New Acquisitions

The Nanaimo Art Gallery collection is growing! In the last year, thanks to the generosity of artists, donors, and funders, we have included the following new works into our collection.  

2018 02 01 NAG listeningtothesea-25e
Sean Alward
Blossom
Coal from Newcastle Island and acrylic resin on canvas
Gift of the Artist 2017

Vancouver based artist Sean Alward’s painting, Blossom, was donated to Nanaimo Art Gallery in 2017 as we explored the question “What Does it mean to live on an Island?” The colourant in this painting is made from Newcastle Island coal dust. Alward is not only interested in the relationship between coal and Nanaimo’s past, but also to the history of life on this planet. As he notes:

Coal is not an inert substance. It is susceptible to extreme flux and is highly combustible. Ancient green foliage was nourished by the light generated in the nuclear furnace of the sun. The energy of this combustion travelled millions of miles through space, from sun to earth. Stored within the plant carbon, it then travelled millions of years through time, from pre-history to now. Both time and space are compressed within the coal.

2017 08 01 NAG dream islands-8789e
Marianne Nicolson
Inquiry to the Newcomers
Vinyl Banner
2017
 
Inquiry to the Newcomers is a public artwork by Marianne Nicolson, an artist of Scottish and Dzawada̱'enux̱w First Nations descent. Installed on the rear facade of Nanaimo Art Gallery, Nicolson’s artwork responds to this location, and was launched on the 150th anniversary of confederation, at a time when communities and institutions, including Nanaimo Art Gallery, initiated and highlighted conversations about the process of reconciliation.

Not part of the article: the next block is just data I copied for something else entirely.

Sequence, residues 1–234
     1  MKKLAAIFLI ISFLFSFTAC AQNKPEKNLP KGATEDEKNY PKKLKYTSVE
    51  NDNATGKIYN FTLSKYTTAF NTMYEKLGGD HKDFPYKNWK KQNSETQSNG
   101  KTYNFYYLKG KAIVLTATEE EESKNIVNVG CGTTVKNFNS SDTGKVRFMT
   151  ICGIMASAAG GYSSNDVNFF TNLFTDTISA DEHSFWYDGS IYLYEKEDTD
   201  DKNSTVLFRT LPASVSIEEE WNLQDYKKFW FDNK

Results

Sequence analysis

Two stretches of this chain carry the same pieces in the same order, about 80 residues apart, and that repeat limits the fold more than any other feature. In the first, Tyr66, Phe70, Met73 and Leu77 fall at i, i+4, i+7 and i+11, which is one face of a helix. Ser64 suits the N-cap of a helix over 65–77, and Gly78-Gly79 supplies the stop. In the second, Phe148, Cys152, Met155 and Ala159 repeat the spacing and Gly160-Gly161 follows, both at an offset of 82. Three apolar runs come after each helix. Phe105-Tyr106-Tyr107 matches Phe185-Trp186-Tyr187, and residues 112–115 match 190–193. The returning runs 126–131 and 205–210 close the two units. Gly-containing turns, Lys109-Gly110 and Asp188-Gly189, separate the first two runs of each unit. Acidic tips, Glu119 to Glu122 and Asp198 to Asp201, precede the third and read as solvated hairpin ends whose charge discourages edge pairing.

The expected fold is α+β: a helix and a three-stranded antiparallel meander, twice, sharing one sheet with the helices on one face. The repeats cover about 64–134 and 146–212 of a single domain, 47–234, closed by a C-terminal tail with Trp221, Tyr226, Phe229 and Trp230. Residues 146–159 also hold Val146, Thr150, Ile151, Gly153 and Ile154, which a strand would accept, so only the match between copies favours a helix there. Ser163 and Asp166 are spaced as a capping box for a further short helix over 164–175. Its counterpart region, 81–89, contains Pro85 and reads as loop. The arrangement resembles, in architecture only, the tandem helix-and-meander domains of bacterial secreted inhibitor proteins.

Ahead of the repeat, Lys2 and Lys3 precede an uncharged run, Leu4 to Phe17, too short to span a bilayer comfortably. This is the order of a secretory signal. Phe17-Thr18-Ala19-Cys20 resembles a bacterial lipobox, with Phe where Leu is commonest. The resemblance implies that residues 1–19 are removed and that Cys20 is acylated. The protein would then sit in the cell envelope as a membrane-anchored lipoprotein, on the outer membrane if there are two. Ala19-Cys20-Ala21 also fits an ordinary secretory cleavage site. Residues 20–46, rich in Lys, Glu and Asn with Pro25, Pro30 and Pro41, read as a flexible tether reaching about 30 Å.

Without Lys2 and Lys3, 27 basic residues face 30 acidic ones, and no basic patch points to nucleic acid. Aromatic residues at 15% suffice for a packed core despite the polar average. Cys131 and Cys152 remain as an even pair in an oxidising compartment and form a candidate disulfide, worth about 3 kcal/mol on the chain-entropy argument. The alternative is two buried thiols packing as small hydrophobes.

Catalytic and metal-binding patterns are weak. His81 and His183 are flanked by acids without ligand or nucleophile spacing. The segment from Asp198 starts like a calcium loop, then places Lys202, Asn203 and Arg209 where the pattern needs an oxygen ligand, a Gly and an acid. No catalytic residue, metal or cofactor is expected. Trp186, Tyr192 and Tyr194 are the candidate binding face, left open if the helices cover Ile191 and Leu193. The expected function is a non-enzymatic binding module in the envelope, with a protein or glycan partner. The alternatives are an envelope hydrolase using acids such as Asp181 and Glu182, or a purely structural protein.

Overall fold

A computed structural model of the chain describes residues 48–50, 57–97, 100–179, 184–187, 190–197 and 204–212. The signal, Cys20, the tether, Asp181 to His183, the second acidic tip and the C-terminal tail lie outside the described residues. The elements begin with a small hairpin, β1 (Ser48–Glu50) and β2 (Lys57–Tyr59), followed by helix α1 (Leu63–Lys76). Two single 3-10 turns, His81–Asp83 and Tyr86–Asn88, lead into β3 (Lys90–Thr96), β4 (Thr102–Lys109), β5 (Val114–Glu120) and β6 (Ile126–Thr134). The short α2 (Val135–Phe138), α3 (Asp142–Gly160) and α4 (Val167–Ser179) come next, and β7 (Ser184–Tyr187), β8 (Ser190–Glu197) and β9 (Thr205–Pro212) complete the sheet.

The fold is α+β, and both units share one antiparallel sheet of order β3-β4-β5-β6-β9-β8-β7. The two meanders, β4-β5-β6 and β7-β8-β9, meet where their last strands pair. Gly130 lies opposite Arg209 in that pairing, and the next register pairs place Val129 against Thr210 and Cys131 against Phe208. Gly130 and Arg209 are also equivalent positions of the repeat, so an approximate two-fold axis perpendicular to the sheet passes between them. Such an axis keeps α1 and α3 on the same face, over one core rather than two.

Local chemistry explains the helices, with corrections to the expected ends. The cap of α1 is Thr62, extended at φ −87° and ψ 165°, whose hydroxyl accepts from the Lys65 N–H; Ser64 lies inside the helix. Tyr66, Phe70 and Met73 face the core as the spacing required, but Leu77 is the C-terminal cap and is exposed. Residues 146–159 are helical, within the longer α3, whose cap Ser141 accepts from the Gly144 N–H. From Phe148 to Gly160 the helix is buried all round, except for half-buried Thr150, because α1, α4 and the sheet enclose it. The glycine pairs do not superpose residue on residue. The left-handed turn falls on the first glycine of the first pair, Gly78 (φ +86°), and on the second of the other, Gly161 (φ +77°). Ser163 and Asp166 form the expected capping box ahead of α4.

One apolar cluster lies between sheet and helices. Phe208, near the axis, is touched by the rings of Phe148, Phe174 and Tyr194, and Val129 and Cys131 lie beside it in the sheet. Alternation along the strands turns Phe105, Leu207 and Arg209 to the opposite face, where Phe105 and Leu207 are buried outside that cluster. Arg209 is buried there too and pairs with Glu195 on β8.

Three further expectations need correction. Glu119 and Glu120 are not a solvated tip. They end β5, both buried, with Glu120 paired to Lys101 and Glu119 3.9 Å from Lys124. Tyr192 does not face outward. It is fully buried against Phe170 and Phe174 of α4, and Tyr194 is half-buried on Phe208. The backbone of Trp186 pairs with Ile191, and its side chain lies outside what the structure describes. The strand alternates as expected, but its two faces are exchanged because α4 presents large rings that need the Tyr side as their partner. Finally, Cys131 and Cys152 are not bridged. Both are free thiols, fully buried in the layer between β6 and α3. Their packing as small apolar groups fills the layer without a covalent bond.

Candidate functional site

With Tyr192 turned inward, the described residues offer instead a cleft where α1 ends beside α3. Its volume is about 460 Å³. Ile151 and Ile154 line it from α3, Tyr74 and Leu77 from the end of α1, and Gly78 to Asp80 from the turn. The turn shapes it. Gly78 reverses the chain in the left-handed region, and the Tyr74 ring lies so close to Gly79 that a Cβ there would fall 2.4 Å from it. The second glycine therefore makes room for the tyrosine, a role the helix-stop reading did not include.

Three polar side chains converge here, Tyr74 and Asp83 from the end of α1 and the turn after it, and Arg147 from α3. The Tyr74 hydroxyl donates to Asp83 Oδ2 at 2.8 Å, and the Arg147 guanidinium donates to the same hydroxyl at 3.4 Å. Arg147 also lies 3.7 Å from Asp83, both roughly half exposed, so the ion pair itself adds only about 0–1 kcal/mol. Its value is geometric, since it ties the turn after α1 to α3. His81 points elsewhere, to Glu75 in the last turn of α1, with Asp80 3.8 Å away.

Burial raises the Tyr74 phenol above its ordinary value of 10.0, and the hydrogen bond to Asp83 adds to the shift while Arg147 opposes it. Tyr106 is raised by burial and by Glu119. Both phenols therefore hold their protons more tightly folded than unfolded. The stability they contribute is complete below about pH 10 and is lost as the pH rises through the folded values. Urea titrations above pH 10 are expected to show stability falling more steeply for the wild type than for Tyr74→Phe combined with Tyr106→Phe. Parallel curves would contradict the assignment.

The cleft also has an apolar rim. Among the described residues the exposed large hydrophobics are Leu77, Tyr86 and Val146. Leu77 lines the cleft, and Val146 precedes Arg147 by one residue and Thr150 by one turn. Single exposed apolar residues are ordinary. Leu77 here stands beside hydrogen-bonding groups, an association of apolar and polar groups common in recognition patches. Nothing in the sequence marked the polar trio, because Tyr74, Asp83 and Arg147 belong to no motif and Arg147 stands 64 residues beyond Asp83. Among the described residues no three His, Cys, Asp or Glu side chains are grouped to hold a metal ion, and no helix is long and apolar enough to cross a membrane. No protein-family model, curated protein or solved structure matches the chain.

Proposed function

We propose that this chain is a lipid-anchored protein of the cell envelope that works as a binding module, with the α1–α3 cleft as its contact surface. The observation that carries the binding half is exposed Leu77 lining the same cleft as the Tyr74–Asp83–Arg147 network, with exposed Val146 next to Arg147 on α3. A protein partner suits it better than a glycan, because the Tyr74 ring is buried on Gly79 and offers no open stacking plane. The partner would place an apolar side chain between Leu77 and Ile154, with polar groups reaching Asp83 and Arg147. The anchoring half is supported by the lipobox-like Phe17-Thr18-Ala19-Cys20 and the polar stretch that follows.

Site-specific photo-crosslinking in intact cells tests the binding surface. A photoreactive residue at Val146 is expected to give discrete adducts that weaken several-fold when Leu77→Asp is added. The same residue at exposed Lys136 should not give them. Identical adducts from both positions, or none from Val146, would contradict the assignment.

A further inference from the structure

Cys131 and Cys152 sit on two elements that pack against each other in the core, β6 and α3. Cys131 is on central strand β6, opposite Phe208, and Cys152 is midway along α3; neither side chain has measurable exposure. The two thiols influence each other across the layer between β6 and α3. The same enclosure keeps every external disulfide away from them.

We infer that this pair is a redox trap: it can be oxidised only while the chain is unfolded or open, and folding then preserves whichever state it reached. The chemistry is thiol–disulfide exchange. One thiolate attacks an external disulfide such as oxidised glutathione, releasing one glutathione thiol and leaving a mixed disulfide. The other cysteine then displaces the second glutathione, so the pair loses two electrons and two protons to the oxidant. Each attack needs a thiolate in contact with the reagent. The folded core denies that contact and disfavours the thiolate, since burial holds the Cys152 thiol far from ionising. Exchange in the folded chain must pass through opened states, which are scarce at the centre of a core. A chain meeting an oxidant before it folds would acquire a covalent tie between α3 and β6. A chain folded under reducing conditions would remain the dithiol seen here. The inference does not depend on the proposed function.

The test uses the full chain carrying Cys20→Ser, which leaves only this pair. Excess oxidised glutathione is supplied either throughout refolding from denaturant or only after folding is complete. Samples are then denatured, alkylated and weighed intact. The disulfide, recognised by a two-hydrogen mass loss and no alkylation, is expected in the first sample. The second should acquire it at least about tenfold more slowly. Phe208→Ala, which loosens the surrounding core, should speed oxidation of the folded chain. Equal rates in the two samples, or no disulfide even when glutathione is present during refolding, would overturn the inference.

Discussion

The Gallery’s lot backed onto a tidal inlet until 1964, when it was filled in for industrial and commercial uses. Nicolson understands the reconfiguration of Nanaimo’s waterfront as part of a long history of the exploitation of environments and resources for the sake for profit. In her artwork she utilises early twentieth century pictographs from her community in Kingcome Inlet that show the influx of settlement and resource extraction on Dzawada̱'enux̱w traditional territory.  By paralleling these two sites and histories, Nicolson links early twentieth century state appropriation of Indigenous lands to the ongoing and widespread exploitation of land and water resources.

We are thrilled to announce that the gallery has acquired Inquiry to the Newcomers for our permanent collection so that it can be experienced by Nanaimo residents and visitors for years to come.The original production of this public artwork was made possible by the Community Fund for Canada’s 150th, a collaboration between Nanaimo Foundation, the Government of Canada, and extraordinary leaders from coast to coast.
 

2017 10 13 NAG SpectralTides-9e
Jin-me Yoon
Souvenirs of the Self
Set of postcards
1991
Gift of the artist, 2017

This postcard series is an important early work by Jin-me Yoon that depicts the artist standing deadpan at iconic tourist locations in the Canadian Rockies. Souvenirs of the Self takes a humorous approach to serious questions about identity and belonging.
Yoon donated this work and two copies of her 2017 postcard series Long View to the Nanaimo Art Gallery’s collection on the occasion of her 2017 solo exhibition Spectral Tides.

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Nanaimo, BC V9R 5G6
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